The most important thing is to not penalize your dog for licking too much. Punishments won’t help because the dog is merely attempting to comfort itself or express its pain; they won’t go to the root of the problem. Dogs can lick for a variety of reasons, and fully comprehending your dog’s licking can be a challenging process. Instead, be patient as you investigate the source of your dog’s excessive licking, and once you do, take action to alleviate your pet’s suffering. The undesired behavior will stop once the discomfort does.

When I pet my dog, why does he lick his underwear?

Dogs are generally tidy. Both male and female dogs will lick their genital regions in an effort to clear them of dirt, discharge, or other debris in addition to washing their legs and bodies. Concern should be expressed if there is excessive licking in this area, which could be a sign of illness.

Causes of Licking Genitals in Male Dogs

Males who have abnormal preputial discharge may lick themselves excessively. Any substance that emanates (flows) from the prepuce is referred to as preputial discharge (the fold of skin that covers the penis). Blood, pee, or pus may be present in premenstrual discharge. In a healthy dog, there shouldn’t be any discharge, but a tiny bit of whitish-yellow “smegma” can build up around the preputial orifice; this is not thought to be clinically important. Excessive discharge can be caused by:

  • Various conditions, such as neoplasia (cancer), trauma, foreign bodies, or balanoposthitis (inflammation of the penis/prepuce), can affect the prepuce.
  • urethral disorders, such as neoplasia, trauma, or calculi (stones)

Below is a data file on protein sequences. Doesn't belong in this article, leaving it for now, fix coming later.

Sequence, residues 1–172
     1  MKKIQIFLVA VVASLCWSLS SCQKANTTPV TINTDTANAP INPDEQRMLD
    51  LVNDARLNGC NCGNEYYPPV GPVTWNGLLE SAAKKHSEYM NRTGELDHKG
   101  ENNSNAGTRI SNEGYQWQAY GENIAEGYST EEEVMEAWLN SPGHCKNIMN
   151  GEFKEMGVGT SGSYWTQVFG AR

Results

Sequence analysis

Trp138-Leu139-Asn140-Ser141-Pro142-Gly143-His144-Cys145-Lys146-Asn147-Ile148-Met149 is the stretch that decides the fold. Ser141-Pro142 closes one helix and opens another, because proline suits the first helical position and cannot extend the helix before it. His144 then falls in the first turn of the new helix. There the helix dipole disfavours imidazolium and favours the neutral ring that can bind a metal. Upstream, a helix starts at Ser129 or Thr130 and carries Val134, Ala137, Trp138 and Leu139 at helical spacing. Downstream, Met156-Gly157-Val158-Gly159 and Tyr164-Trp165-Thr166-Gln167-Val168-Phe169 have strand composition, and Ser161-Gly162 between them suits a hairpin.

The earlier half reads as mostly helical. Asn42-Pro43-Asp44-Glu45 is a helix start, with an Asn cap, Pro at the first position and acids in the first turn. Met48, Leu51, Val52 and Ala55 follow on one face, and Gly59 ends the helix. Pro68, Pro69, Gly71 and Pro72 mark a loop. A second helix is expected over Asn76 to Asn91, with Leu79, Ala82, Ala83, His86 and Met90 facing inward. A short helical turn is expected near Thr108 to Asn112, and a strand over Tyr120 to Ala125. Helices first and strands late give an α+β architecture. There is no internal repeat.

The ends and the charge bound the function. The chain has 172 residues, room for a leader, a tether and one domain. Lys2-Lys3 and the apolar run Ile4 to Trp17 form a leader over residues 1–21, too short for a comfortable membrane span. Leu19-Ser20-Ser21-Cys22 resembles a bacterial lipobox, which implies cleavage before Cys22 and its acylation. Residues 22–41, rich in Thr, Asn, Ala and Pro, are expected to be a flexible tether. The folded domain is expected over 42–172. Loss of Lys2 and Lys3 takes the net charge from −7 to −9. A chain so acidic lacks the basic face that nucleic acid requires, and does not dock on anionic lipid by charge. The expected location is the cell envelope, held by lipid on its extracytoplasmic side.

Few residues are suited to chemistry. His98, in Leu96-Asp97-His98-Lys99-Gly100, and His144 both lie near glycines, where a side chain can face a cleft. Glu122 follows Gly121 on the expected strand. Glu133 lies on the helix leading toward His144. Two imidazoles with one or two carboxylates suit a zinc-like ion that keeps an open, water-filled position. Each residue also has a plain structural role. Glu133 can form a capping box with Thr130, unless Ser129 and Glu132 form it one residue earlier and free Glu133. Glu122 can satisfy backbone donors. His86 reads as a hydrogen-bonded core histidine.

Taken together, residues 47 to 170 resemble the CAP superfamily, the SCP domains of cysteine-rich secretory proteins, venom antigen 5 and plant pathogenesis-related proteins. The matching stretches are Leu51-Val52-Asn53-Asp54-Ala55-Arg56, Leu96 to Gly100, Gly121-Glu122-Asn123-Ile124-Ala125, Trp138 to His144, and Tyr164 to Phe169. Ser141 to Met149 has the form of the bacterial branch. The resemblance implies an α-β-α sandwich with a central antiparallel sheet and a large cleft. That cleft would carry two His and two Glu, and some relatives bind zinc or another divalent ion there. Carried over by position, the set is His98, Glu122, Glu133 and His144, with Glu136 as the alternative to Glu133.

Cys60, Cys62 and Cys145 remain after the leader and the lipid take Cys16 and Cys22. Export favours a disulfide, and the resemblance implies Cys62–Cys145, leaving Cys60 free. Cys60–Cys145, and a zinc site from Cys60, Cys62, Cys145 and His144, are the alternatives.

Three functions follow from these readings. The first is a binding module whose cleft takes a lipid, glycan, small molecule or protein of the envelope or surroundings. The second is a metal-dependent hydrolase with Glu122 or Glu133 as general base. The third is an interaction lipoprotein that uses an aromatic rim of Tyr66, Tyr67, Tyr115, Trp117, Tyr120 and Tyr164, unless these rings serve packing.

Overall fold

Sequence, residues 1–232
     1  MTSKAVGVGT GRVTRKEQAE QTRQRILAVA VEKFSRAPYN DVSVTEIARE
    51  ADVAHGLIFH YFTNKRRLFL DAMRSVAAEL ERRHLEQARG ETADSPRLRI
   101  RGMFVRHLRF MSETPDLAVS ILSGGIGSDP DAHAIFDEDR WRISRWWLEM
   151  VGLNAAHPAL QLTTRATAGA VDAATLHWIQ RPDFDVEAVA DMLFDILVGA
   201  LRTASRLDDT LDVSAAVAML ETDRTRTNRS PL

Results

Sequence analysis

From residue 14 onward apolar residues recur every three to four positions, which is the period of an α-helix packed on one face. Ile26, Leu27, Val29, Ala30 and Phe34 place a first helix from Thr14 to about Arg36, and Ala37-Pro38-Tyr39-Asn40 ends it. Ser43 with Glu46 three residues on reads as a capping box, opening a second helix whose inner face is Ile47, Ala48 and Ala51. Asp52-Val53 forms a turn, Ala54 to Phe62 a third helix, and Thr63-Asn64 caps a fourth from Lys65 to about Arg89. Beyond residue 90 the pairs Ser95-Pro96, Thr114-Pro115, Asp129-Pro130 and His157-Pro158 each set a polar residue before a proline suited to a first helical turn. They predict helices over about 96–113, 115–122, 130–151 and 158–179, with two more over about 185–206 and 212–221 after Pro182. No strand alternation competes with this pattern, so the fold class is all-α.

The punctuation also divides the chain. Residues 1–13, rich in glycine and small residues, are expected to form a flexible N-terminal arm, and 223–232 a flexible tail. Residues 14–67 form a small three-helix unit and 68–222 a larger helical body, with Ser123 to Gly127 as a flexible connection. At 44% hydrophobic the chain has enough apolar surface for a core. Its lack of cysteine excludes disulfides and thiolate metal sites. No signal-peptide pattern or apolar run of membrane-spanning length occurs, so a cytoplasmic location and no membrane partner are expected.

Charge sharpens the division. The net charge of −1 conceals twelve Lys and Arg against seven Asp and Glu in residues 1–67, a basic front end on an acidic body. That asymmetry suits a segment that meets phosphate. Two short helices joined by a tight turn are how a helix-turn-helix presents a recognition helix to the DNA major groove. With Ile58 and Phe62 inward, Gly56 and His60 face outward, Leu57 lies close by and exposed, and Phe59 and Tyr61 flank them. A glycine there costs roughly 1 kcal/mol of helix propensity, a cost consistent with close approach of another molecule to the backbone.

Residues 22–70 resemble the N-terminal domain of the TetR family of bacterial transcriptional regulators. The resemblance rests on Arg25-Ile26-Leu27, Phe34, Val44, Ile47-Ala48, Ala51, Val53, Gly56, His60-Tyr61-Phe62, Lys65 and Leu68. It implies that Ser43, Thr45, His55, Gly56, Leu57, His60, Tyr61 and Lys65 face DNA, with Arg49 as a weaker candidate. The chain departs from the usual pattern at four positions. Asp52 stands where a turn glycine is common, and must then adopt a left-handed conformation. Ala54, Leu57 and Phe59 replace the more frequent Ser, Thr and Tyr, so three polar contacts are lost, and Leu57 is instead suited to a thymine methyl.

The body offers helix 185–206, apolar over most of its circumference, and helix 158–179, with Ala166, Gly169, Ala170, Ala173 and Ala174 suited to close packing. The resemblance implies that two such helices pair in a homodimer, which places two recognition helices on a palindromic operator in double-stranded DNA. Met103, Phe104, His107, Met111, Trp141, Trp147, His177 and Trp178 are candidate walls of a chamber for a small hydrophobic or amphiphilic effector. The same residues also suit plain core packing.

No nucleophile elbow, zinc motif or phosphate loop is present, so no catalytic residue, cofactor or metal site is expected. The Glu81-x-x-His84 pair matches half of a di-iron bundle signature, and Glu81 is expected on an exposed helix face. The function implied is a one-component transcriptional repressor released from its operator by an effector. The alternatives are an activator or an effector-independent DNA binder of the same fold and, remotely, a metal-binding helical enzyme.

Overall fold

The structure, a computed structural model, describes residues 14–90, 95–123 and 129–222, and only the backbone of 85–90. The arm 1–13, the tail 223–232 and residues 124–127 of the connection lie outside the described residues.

• disorders of the urinary bladder, such as neoplasia, calculi, infection, or inflammation
  • Prostate disorders such as prostatitis (prostate infection or inflammation), neoplasia, hyperplasia (enlargement), cysts, and abscesses
  • Coagulopathies (bleeding conditions), such as thrombocytopenia (low platelet count) and rat poison consumption
  • Inability to contain urine due to an ectopic (abnormally positioned) ureter or a malfunctioning sphincter causes urinary incontinence (tissue that acts like a door, controlling the release of urine)

Causes of Licking Genitals in Female Dogs

Unusual vaginal discharge in females can cause excessive licking. Any substance that emanates (flows) from the vulvar labia is referred to as vaginal discharge (the external female genitals). It’s possible that vaginal discharge occurs naturally during a dog’s heat cycle or during the postpartum (afterbirth) phase, which can last anywhere from 6 to 8 weeks. Excessive abnormal discharge can be caused by:

Do dogs licking their privates feel good?

Dogs enjoy licking a variety of objects, but doing so while you have special guests around might be humiliating. Sadly, no one has ever informed dogs that they have private parts, thus licking that section of their bodies is just licking another part of their anatomy. Both sexes of dogs lick their anus, while male dogs lick their penis and female dogs lick their vulva. Dogs lick their private parts for a variety of reasons, which might make their owners uncomfortable because they do this in public. Licking one’s privates may be done for amusement or to ease discomfort. If a bitch is in heat, it might be a part of the dog’s sexual behavior. The dog’s drive to keep itself clean could then potentially be the cause of the licking.

Why is my dog licking the back of his groin?